MJ Kinman
Kitty Sorgen
Susan Graham
Andy Chambers
Jeanne Hewell-Chambers
Deborah Cheek
Glenda Williams
Margaret Williams
Sharleen Jespersen
Kimberly Brock
Pamela Arena
Mari Ann Stefanelli
Samantha Kendig
Julie A. Taylor
Barbara Atwell
Steve Jankousky
Michelle Banton
Lucy Urbach
Jillian Urbach
Little Luna and Her Mom
Lee Durbin
Denniele Bohannen
Debra Steinmann
Robin Woods
Chloe Grice
Linda Smith
Laurie Dunn
Elizabeth (Libby) Cook
Faye Cook
Carol Howard Donati
Susan Jimison
Juline Bajada
Marnie Gloor-Chambers
Alison Chambers
Kipp Chambers
Brenda Shimshick
Angela Canada
Andrew & Nicholas Canada
Jennifer Shimshick

 

a white quilt covered with pairs of red X's

Quilt 3
Pieced and Quilted by Margaret Williams
Blocks made by:
Ada B. Hewell
Alida Palmisano
Andrew Canada
Andy Chambers, for Nancy Chambers
Andy Grimaldi, for my children who HAD the opportunity to live no matter their flaws! (no red X’s for them!)
Angela Canada
Angel Childs, for Phylis Leona Childs
Anonymous
Barbara Attwell, for Joe Conrad, mentally handicapped uncle
Bev Haring (
Bradley L. Pope, for the 692nd Tank Destroyer Battalion
Brenda Shimshick, for Beverly Thomas
Carolyn Katzoff, for Harry Katzoff
Chloe Grice, for Tula Belle Grice
Christa Joy, for Jimmy Joy
Cindy Hall
Dan Sorgen
Danny Sorgen
Deena Sanders
Denniele Bohannen, for former students
Denise Giardullo, for all the special needs children I taught who would have perished if the Nazis were successful
Elizabeth Belcher, for my father, Leneord White, RAF Pilot, WW2
Elizabeth (Libby) Cooke
Faye Cooke
Gail Black, for Evan Bright
Glenda Williams
Jane Wilson
Janet Eidem
Janet Hartje, for Amanda
Jeanne Hewell-Chambers, for Nancy Chambers
Jerry Hewell
Jillian Urbach
Julie A. Taylor, for Cecilie M. Taylor
Juline Bajada
Kathy Cox, for Nancy Chambers
Kaylee Sorgen
Kevin Barton, for Burt Brooks, WW2 Veteran, purple heart recipient (deceased)
Kitty Sorgen
Laurel Hotchkiss, for all the families who suffered under Hitler
Laurie Dunn
Lee Durbin, for Tim Durbin
Linda Heron, for the 70,273 lost in Nazi Germany and for those I have known, those I know now, and those I”ll never know personally
Linda Smith, for Helen Helms and Geraldine
Little Luna (and Her Mom )
Lucy Urbach
Margaret Williams, for Marie Dreyer
Maria Conway
Maria Sorgen
Marie Z. Johansen, for Women of the French Resistance
Marissa Shenkle
Melody Butler, for all the special children who have come into my life at the kindergarten where I work
Michelle Banton
MJ Kinman, for Bess J. Liversidge and Elizabeth Zelms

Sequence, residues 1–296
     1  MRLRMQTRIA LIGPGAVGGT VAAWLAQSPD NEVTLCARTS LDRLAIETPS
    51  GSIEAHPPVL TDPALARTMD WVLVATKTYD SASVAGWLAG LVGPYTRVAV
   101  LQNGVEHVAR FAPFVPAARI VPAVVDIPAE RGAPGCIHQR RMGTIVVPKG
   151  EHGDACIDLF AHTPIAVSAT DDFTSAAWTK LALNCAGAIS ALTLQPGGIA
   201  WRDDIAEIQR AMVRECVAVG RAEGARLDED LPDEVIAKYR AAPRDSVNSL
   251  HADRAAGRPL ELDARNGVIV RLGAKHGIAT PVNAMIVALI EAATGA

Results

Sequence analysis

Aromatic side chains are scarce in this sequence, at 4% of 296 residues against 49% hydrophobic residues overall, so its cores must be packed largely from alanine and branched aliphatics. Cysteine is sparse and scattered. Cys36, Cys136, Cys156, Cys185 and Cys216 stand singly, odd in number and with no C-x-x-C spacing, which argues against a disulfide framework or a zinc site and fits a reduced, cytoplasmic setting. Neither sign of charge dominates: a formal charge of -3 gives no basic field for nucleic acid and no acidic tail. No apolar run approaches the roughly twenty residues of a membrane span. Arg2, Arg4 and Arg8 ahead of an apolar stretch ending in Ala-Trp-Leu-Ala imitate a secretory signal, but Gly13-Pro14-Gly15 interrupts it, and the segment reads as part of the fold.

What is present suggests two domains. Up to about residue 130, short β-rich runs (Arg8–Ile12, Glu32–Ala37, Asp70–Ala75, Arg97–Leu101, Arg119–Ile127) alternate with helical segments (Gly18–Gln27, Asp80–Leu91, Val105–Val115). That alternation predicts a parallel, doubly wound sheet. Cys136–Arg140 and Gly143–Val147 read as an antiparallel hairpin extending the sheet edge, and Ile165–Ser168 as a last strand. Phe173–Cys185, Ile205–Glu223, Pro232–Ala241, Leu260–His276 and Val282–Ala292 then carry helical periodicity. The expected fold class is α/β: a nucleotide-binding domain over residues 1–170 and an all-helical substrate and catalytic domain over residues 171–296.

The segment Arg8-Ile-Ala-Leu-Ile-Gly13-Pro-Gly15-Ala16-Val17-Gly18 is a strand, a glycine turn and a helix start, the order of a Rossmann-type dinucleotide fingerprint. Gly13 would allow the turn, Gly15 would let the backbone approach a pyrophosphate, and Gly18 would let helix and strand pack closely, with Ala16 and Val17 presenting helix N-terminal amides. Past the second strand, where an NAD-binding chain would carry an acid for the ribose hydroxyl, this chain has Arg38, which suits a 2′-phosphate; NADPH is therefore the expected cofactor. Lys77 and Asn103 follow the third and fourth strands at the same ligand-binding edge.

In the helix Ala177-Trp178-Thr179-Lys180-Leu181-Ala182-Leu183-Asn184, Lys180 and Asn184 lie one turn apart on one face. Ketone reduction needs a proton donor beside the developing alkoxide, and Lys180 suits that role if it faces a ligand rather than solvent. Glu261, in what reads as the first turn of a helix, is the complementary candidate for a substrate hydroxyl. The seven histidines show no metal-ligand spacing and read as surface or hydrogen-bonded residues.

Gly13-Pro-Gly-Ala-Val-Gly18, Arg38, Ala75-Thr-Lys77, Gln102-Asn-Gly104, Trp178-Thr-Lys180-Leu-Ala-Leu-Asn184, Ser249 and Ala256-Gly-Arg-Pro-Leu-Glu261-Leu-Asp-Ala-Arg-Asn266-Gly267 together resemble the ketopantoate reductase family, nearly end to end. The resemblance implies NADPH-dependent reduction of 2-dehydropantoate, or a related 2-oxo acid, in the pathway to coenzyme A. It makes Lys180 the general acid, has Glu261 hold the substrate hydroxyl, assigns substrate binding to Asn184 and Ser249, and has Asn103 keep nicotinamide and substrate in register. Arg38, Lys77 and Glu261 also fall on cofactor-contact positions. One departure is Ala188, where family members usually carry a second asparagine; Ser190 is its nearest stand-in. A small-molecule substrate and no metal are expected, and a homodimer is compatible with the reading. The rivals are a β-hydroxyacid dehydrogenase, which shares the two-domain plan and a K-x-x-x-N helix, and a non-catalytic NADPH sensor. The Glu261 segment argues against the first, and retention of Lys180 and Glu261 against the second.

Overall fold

Nancy Burch
Nicholas Canada
Pauline
Rebecca O’cannon, for Roxie Anna Duhon
Ross Greene, for Ross W. Perrin
Scott Linville
Steve Jankousky
Steve Ulman
Susan Getchell
Susan Graham, for Carlo
Zachery Freeman

 

a white quilt covered with pairs of red X's

Quilt 5
Pieced, Quilted & Finished by MJ Kinman
Blocks made by:
Students and Staff of the Blanchard Valley Center

 

white quilt covered with pairs of red X's

Quilt 10
Pieced, Quilted, and Finished by Margaret Williams
Blocks made by:
Ada Hewell
Adalee Beasley
Andy Grimaldi
Andrew R. Chambers
Anonymous
Barbara Atwell
Bev Wiedeman
Bobbi Penniman
Brenda Shimshick
Caroline Rudisill
Carolyn Katzoff
Chase Hughes
David S Leader
Deborah L. J. MacKinnon
Debra Steinmann
Denniele Bohannen
Elizabeth Belcher
Emily May (Milly) Grice
Faye Cook
Frances Holliday Alford
Glenda Williams
Hylke and Marjolein Lootens
Janet Eidem
Janet Hartje
Janice Foy
Janine Morrell
Jeanne Hewell-Chambers
Jennifer Eastment
Jennifer Lario Moya
Jennifer Shimshick
Kimberly Kuhns
Kitty Sorgen
Laurie Dunn
Lee Durbin
Linda Heron
Linda Isaacs
Linda Smith
Lori East
Margaret Williams
Marsha Hardan
Maryellen “Graz” Grysewicz
Michelle Banton
Michelle Hughes
Mildred S (Millie) Long
MJ Kinman
Mona Masters
Patricia Gaska
Pauline
Robin Welsh
Rosemary Claus-Gray
Sarah Noelle Ballantine
Sue Beermann
Susan Getchell
Susan Graham
Susan Guild
Susan Leader
Susie Wheelis

 

white baby christening gown sewn onto a white quit base, surrounded with pairs of red X's forming teardrops and streams of teardrops

Quilt 14
A Middling made by Jeanne Hewell-Chambers

 

white quilt base adorned with pairs of large and small red X's

Quilt 15
A Middling made by Jeanne Hewell-Chambers

a white quilt embellished with pairs of red X's

Quilt 22
Pieced and Quilted by Catherine Symchych
Blocks made by Students at Snowy Range Academy Middle School

 

white quilt embellished with pairs of red X's

Quilt 23
Made by Maité Findeling

 

white quilt base adorned with pairs of red X's

Quilt 28
Pieced, Quiited, and Finished by Katell Renon and Chantal Bommier
Blocks made by:
Christiane Richard
Paulette Lacroix
Dany Monnier
Angèle Peltot-Leccia
Martine Voutain
Brigitte Janin
Guillemette Marraud
Katell Renon
Anonymes

 

white quilt base with pairs of red X's forming a heart in the center and pairs of red X's forming a frame around the outer edgesQuilt 29
Made by Maité Findeling

 

white quilt covered with pairs of red X'sQuilt 42
Pieced and Quilted by Katell Renon and Kristine Toufflet
Blocks made by:
Helene Berettta
Catherine Moliet
Maité Findeling
Kristine Soufflet
Martine Toutain
Gillette Maraud
Marie Jo Dimas
Evelyne Carrasco
Suzy Bignau
Catherine Floch

 

white quilt base covered in pairs of red X's, some forming larger red X's

Quilt 44
Pieced and quilted by Annie Pinel
Blocks made by members of the Can’canettes in Castres, France
Claudine Bize
Beatrice Tavirre
Colette Bouisset
Yvette Durans
Anonyme

 

white quilt covered with pairs of red X's

Quilt 45
Pieced and quilted by Jo Drouet
Blocks made by Members of the Can’canettes in Castres, France:
Dominique Medard
Jo Drouet
Beatrice Tavirre
Carole Giovanolla
Colette Bouisset
Anonyme
Suzanne Ribera
Annie Pinel
Rachel Durrieu
Maryanne Tailler
Aline Montagne

 

white and off white quilt base covered with pairs of red X's

Quilt 47
A Middling made by Margaret Williams

 

white and cream quilt base covered with pairs of red X'sQuilt 50
A Middling made by Margaret Williams

 

white and cream quilt base covered with pairs of red X's, some of them arranged in the shape of a heartQuilt 52
A Middling made by Margaret Williams

 

a white quilt base covered with pairs of red X's

Quilt 54
Pieced, Quilted, and Finished by Brenda Wartalski
Blocks made by Members of TBLOVERS2
Brenda Wartalski
Victoria Swann
Brenda Lowe
Adva Price
Dianne Llewellyn
Yvonne Walton
Brenda Linkhart
Ella Andrews
Gisele Therezien
Kim Monins
Jane Howie
Neet Davies